The American Drone Empire
They increasingly dot the planet. There’s a facility outside Las Vegas [Creech Air Force Base] where “pilots” work in climate-controlled trailers, another at a dusty camp in Africa formerly used by the French Foreign Legion, a third at a big air base in Afghanistan where Air Force personnel sit in front of multiple computer screens, and a fourth at an air base in the United Arab Emirates that almost no one talks about.
And that leaves at least 56 more such facilities to mention in an expanding American empire of unmanned drone bases being set up worldwide.
Run by the military, the Central Intelligence Agency, and their proxies, these bases — some little more than desolate airstrips, others sophisticated command and control centers filled with computer screens and high-tech electronic equipment — are the backbone of a new American robotic way of war: Remote-controlled strikes anywhere on the planet with a minimal foreign “footprint” and little accountability.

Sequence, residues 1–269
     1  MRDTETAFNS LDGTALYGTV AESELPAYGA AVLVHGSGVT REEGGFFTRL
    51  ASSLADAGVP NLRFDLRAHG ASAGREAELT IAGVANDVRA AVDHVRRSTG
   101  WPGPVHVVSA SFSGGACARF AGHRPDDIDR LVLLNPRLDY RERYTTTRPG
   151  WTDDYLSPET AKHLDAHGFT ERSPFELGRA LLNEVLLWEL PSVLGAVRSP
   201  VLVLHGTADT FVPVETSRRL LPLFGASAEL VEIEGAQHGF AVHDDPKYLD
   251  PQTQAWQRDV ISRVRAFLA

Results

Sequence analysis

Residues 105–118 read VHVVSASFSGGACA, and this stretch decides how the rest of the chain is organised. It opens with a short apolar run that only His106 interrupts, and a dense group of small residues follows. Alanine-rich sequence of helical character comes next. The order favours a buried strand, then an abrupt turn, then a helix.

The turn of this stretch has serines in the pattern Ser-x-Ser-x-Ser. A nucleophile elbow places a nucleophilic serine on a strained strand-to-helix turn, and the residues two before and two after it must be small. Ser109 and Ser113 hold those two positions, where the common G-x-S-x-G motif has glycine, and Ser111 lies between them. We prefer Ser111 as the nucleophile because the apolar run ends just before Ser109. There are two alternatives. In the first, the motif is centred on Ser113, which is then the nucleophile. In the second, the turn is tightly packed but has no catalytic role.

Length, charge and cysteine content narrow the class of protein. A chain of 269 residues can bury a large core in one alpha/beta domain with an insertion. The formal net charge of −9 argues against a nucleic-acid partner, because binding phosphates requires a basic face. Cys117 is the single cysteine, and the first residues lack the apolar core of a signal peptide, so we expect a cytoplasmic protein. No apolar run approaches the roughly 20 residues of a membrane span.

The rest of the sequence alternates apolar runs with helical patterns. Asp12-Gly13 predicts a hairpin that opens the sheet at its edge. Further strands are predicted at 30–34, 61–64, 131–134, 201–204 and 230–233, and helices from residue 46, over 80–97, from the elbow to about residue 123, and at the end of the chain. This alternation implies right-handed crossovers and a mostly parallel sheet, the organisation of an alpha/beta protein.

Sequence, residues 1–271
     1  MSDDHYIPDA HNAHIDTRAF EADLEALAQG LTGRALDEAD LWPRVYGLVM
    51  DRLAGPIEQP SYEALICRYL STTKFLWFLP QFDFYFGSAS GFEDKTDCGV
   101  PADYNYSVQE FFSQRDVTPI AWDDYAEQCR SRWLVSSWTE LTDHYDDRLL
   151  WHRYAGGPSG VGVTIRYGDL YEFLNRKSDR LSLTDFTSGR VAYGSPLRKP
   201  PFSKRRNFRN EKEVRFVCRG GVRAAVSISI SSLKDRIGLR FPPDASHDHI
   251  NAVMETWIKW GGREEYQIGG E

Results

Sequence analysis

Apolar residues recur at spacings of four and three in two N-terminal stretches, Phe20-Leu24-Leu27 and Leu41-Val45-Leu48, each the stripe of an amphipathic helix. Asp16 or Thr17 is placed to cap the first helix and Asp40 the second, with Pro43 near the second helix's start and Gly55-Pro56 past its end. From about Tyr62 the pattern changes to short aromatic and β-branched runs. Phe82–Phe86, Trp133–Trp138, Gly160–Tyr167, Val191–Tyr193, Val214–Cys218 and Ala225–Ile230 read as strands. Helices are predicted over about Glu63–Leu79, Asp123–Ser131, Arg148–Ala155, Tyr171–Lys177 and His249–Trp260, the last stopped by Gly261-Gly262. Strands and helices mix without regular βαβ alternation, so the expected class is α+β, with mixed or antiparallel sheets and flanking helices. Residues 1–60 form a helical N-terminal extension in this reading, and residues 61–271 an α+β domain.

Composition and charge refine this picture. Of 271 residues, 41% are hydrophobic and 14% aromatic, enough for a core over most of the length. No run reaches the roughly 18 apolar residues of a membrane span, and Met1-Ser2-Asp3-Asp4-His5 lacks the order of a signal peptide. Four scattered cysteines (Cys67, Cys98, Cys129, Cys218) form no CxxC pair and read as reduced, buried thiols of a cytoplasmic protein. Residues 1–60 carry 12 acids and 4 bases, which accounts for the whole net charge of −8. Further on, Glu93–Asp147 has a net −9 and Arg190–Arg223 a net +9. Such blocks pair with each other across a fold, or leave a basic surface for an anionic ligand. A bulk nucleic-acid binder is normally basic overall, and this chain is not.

Washington Post journalists Greg Miller and Craig Whitlock reported that the “Obama administration is assembling a constellation of secret drone bases for counterterrorism operations in the Horn of Africa and the Arabian Peninsula as part of a newly aggressive campaign to attack al-Qaeda affiliates in Somalia and Yemen.”
Within days, the Post also reported that a drone from the new CIA base an unidentified Middle Eastern country [Saudi Arabia?] had carried out the assassination of radical al-Qaeda preacher and American citizen Anwar al-Awlaki in Yemen.
An analysis by TomDispatch determined that there are more than 1,000 U.S. military bases scattered across the globe — a shadowy base-world providing plenty of existing sites that can, and no doubt will, host drones.
Even if the Pentagon budget were to begin to shrink, expansion of America’s empire of drone bases is a sure thing in the years to come. Drones are now the bedrock of Washington’s future military planning.